Hosni Mubarak was sentenced to life in prison today for failing to stop the killing of protesters during the uprising that forced him from power last year. The ousted president and his sons were acquitted, however, of corruption charges in a mixed verdict that swiftly provoked a new wave of anger on Egypt's streets.
After the sentencing, the 84-year old Mubarak suffered a "health crisis"
while on a helicopter flight to a Cairo prison hospital, according to
security officials who spoke on condition of anonymity because they were
not authorized to speak to the media. One state media report said it
was a heart attack, but that could not immediately be confirmed.
The officials said Mubarak cried in protest and resisted leaving the helicopter that took him to a prison hospital for the first time since he was detained in April 2011. Mubarak stayed at a regular hospital in his favorite Red Sea resort of Sharm el-Sheikh from his arrest until his trial began in on 3 August. The officials said he insisted on the helicopter that he be flown to the military hospital on the eastern outskirts of Cairo where he has stayed during the trial.
Earlier, Mubarak sat stone-faced and frowning in the courtroom's metal defendants' cage while judge Ahmed Rifaat read out the conviction and sentence against him, showing no emotion with his eyes concealed by dark sunglasses. His sons Gamal and Alaa looked nervous but also did not react to either the conviction of their father or their own acquittals.
Mubarak was convicted of complicity in the killing of some 900 protesters during the 18-day uprising that forced him to resign in February 2011. He and his two sons were acquitted of corruption charges, along with a a family friend who is on the run.
Rifaat delivered a strongly worded statement before handing down the sentences. He described Mubarak's era as "30 years of darkness" and "a darkened nightmare" that ended only when Egyptians rose up to demand change.
"They peacefully demanded democracy from rulers who held a tight grip on power," the judge said about the 25 January to 11 February uprising last year.
Angered by the acquittals of the Mubarak sons and six top police officers, lawyers for the victims' families broke out chanting inside the courtroom as soon as Rifaat finished reading the verdict.
"The people want to cleanse the judiciary," they chanted. Some raised banners that read: "God's verdict is execution."
The charges related to killing protesters carried a possible death sentence that the judge chose not to impose, opting instead to send Mubarak to prison for the rest of his life.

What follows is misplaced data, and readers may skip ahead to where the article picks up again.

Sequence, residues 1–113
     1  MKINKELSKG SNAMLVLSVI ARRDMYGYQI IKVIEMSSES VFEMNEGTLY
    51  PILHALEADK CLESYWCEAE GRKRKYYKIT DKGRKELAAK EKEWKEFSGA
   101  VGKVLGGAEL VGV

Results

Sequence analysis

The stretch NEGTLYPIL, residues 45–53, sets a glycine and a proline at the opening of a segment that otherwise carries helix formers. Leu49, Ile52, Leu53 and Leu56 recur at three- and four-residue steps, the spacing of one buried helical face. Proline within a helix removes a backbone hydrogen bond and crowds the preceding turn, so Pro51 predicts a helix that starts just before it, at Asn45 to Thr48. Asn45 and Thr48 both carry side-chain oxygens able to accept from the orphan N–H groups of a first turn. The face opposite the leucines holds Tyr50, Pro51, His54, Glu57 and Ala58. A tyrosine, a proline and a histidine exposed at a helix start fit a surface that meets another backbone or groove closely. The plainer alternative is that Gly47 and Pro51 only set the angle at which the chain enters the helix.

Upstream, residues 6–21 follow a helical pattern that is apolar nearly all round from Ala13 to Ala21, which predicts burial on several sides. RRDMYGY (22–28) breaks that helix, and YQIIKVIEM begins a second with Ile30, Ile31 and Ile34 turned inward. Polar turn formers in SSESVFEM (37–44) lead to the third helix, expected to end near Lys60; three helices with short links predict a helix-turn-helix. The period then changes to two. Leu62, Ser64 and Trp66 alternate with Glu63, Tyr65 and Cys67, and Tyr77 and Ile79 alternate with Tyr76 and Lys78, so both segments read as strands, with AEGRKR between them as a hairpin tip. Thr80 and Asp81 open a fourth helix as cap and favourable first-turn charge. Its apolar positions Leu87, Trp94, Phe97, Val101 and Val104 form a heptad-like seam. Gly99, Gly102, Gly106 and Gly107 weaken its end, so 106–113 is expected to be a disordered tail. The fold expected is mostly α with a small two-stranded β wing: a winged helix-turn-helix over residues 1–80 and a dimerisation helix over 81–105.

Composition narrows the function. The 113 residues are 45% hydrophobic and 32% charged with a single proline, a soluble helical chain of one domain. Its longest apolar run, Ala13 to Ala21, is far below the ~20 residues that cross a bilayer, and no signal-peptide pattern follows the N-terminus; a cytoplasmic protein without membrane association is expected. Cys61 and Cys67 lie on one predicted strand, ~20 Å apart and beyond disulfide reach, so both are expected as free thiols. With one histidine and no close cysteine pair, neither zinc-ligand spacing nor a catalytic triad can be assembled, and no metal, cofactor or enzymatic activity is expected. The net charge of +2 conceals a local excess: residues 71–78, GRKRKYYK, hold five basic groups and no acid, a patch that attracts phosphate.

Outside the courtroom on the outskirts of the capital, there was jubilation initially when the conviction was announced, with one man falling to his knees and prostrating himself in prayer on the pavement and others dancing, pumping fists in the air and shooting off fireworks.
But that scene soon descended into tensions and scuffles, as thousands of riot police in helmets and shields held the restive, mostly anti-Mubarak crowd back behind a cordon protecting the court.
Later, thousands of protesters gathered in Cairo's Tahrir Square, birthplace of the uprising, and in the Mediterranean city of Alexandria on Egypt's northern coast. They chanted slogans denouncing the trial as "theatrical" and against the ruling generals who took over for Mubarak, led by his former defense minister. "Execute them, execute them!" chanted the protesters in Alexandria.
Mubarak and his former Interior Minister Habib el-Adly, who was in charge of the police and other security forces at the time of the uprising, were convicted of failing to act to stop the killings during the opening days of the revolt, when the bulk of protesters died. El-Adly also received a life sentence.
Most of the dead were either shot or run over by police vehicles in Cairo and a string of major cities across the country.
Mubarak and his sons — one-time heir apparent Gamal and wealthy businessman Alaa — were acquitted on corruption charges, with the judge citing a 10-year statute of limitations that had lapsed since the alleged crimes were committed.
Just days before the verdict was made public, the state prosecutor leveled new charges of insider trading against the two sons. It now appears that these charges may have been an attempt to head off new public outrage once the acquittals of the Mubarak sons were made public.
It has appeared all along that prosecutions since Mubarak's fall targeting relatively few high level officials and their cronies have been motivated largely by a desire to appease public anger expressed in massive street protests that continued long after Mubarak's ouster.
Scores of policemen charged with killing protesters have either been acquitted or received light sentences, angering relatives of the victims and the pro-democracy youth groups behind the uprising.
Rock-throwing and fist fights outside the courtroom left at least 20 people injured, and a police official said that four people were arrested.
Thousands of riot police and policemen riding horses had cordoned off the building to prevent protesters and relatives of those slain during the uprising from getting too close. Hundreds stood outside, waving Egyptian flags and chanting slogans demanding "retribution." Some spread Mubarak's picture on the asphalt and walked over it.
Mubarak's verdict came just days after presidential elections have been boiled down to a 16-17 June contest between Mubarak's last prime minister, one-time protege Ahmed Shafiq, and Mohammed Morsi of the Muslim Brotherhood, a fundamentalist Islamist group that Mubarak persecuted for most of his years in power.